|Portrait of Ivan Turgenev, by Vasily Perov, 1872|
This magnificent collection (1852) of short stories by the great Russian Realist master Ivan Turgenev was the first work granting him fame and recognition. Based on personal observations on the hunting trails of the family's estate at Spasskoye, the writer depicts scenes of naturalistic sketches and everyday life, narrating the stories of peasants, serfs, and fellow land owners he comes across with, as well as the many injustices and contradictions of the social system of serfdom. Below we present a brief summary of each stories of the collection, along with the fully available version of A Sportsman's Sketches Full Text in English.
Hor and Kalinych: Story of two peasants, one idealist and the other very industrious, under the dependance of the same petty landowner.
Yermolay and the Miller’s Wife: Story of the narrator’s hunter friend, and a night they spent at a miller’s home; the miller, named Zvyerkoff, offers an insight on the injustices of serfdom.
Raspberry Spring: As the narrator encounters two peasants at a tiny spring, he learns about the many self-deprivations all peasants take upon themselves.
The District Doctor: Struck with fever in a small village, the narrator is visited by a district doctor who tells him the story of how he fell in love with a dying girl.
My Neighbor Radilov: The narrator meets with a widowed landowner named Radilov and dines at his house; the cordial neighbor dwells with his sister-in-law Olga—with whom he will soon disappear—, his elderly mother and a demented old nobleman.
The peasant-proprietor Ovsyanikov: A poor landowner talks about the social ills of serfdom, the old times and the new ones. Like all attentive observers, the narrator takes a step back and listens.
Lgov: The narrator and his trusted huntsman Yermolay set off ducks hunting in a nearby hamlet. They meet a pretentious local hunter named Vladimir and an old peasant who acts as the local fisherman, Old Knot. They go hunting in a swampy pond on a rickety punt, sink the boat and narrowly escape, wading ashore.
Bezhin Lea: Upon nightfall the narrator finds himself lost in the forest and comes across a clearing where he meets up, as they crouch by the fire, with five peasant boys guarding a drove of horses. As the narrator feigns to be asleep, the innocent boys recount dreadful and mysterious stories. The majesty of the sky and of the omniscient nature in a glorious Russian mid-Summer night breaths beautifully throughout.
Kassyan of Fair Springs: While the narrator and his coachmen Erofayis are off to a trip, the carriage's axle breaks and they venture off to a nearby hamlet for assistance; there they meet Kassyan, a fifty-year-old dwarf who lives there and who belongs to some unknown religious sect. To procure a new axle, he takes them to a clearing where a forest is being felled. A reflection upon established society and the ancestral relation with nature, traditions and religion.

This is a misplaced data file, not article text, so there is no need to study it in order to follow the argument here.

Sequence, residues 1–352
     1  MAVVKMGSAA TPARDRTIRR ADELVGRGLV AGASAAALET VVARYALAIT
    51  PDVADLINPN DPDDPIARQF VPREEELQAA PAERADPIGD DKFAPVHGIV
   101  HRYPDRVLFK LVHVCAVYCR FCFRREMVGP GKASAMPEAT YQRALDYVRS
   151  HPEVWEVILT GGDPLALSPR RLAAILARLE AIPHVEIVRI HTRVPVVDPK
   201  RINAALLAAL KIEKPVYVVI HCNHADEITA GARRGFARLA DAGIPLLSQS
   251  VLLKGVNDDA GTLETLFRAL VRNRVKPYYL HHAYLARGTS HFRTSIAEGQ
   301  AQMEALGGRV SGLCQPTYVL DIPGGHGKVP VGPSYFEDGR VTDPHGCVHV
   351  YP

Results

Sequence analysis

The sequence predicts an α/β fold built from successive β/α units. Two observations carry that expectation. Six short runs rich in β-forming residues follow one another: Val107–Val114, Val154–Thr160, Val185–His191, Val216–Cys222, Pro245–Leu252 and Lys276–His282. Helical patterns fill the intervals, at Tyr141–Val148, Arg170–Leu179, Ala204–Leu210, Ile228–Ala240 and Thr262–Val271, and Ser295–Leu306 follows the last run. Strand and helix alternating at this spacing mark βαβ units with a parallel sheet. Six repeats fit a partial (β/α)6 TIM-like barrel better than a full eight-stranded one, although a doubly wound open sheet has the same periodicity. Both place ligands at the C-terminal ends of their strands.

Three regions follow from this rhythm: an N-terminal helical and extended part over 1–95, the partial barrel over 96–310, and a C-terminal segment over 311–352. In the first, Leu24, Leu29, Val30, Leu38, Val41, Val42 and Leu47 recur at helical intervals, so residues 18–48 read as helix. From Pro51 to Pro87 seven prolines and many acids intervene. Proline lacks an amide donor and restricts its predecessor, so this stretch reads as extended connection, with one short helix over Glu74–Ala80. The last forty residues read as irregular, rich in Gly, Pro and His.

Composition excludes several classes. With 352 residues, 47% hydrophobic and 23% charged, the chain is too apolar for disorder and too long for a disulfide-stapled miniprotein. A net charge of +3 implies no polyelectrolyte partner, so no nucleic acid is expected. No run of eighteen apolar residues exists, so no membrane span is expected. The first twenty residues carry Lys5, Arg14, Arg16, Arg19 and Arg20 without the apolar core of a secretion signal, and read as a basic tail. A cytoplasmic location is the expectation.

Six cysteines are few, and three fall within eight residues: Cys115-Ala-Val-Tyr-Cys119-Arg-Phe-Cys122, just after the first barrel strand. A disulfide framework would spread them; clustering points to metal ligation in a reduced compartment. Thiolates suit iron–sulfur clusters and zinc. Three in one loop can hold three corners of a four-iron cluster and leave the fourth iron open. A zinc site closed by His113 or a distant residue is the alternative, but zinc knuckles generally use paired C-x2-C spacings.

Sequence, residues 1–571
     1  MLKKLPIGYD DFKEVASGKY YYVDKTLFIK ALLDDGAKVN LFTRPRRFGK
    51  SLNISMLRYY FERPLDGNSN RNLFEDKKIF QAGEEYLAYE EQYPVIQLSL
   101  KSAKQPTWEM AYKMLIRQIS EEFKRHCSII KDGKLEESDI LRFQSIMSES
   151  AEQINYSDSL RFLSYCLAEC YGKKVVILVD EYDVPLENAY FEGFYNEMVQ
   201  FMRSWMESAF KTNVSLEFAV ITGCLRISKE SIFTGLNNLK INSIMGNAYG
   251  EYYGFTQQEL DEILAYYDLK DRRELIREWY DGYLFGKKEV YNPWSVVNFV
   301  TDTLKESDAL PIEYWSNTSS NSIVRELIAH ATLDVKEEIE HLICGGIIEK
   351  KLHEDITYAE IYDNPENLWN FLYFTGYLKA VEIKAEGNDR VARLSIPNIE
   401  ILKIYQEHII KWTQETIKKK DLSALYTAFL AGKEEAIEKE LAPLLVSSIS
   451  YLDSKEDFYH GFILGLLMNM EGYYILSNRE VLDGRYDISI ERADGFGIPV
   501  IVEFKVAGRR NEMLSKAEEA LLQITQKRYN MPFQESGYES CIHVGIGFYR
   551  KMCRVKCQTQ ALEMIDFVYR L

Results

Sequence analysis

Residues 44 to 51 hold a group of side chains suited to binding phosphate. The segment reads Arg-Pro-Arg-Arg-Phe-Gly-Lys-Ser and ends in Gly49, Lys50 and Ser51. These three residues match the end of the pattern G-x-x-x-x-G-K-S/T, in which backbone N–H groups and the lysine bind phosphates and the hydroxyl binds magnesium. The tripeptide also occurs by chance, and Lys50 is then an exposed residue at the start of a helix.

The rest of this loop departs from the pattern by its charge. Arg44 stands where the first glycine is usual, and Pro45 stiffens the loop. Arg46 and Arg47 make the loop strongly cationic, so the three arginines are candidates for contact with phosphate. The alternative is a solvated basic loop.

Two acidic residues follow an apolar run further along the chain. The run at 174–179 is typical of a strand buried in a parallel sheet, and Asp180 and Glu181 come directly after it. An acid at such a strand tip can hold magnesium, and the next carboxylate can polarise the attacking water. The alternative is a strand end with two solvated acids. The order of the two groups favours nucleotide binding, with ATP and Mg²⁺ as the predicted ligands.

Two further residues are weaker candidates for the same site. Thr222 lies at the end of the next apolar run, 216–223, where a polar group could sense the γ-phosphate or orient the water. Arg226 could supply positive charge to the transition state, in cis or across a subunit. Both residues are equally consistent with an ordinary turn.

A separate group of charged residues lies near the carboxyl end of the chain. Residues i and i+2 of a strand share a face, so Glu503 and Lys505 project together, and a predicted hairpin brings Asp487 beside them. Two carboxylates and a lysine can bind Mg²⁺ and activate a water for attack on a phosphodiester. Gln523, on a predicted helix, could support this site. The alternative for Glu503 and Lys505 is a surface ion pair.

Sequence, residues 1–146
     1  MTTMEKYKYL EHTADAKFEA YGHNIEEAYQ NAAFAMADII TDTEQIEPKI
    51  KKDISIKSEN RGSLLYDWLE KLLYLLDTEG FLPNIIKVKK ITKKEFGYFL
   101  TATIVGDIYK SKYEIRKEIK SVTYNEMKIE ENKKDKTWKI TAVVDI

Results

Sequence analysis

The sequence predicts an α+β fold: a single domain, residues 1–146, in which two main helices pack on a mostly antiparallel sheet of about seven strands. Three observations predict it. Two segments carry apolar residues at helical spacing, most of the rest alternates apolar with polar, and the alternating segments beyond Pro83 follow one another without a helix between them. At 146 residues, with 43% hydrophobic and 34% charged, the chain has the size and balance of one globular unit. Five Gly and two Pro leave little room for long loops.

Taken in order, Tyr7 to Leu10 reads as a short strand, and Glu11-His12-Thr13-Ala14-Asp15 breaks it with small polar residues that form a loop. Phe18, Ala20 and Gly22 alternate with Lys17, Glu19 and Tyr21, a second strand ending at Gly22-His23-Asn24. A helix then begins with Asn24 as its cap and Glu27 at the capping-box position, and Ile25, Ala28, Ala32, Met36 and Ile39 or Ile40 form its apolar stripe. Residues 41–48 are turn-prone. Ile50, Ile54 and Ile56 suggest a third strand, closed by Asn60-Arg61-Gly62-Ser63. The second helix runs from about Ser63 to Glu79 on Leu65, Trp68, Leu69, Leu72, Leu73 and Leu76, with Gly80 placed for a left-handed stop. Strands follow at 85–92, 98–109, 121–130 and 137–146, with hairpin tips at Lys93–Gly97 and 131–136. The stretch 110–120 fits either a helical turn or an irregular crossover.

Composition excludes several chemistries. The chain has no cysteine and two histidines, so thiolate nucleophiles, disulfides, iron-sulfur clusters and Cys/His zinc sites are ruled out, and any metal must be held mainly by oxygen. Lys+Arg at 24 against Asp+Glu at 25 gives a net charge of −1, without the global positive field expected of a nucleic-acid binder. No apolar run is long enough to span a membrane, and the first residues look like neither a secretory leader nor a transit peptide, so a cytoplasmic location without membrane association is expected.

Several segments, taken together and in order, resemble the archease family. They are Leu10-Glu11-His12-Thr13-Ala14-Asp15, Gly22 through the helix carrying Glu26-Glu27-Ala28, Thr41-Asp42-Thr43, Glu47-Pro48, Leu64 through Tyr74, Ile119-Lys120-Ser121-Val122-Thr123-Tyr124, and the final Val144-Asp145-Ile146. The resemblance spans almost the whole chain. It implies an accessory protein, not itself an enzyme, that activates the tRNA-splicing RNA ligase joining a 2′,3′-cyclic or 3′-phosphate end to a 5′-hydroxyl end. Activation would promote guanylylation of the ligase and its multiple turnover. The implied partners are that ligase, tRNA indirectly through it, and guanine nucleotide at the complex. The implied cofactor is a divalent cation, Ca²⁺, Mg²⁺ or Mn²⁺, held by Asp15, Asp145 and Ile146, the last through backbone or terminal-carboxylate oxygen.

The Agent: A vivid example of peasantry’s exploitation, the story recounts of how a shrewd bailiff takes advantages of his aloof and distant landowner, who is an acquaintance of the narrator. The peasants on a rent system are reduced to slavery by the cunning agent, without any intervention from the proprietor.
The Counting-House: The narrator comes across a run-down shack, the counting house of the local landowner, where he accidentally overhears the head clerk abusing his powers, and learns about the many vexations peasants are subject to.
Biryuk: At night, caught by a raging storm in the forest in a droshky, the narrator comes across a man, Biryuk, who watches over the landowner’s woods. He learns that man’s wife fled, leaving him and the children alone. When the forester hears in distance a peasant felling a tree, he sets out to confront him, catches him and threatens to turn him to the landowner. In the end Biryuk unexpectedly shows compassion and sets the peasant free.
Two Country Gentlemen: The presentation of two landowners which are neighbors of the narrator offers the opportunity, in the background, for a description of mistreatment of peasants and the wretchedness of their condition.
Lebedyan: The narrator comes across a town's horse fair and vividly describes the typical hustle and bustle of such lively rural events, while also resolving to buy a horse for himself.
The Forest and the Steppe: Epilogue of the sketches, whereby Turgenev offers a magnificent description of a hunter’s life.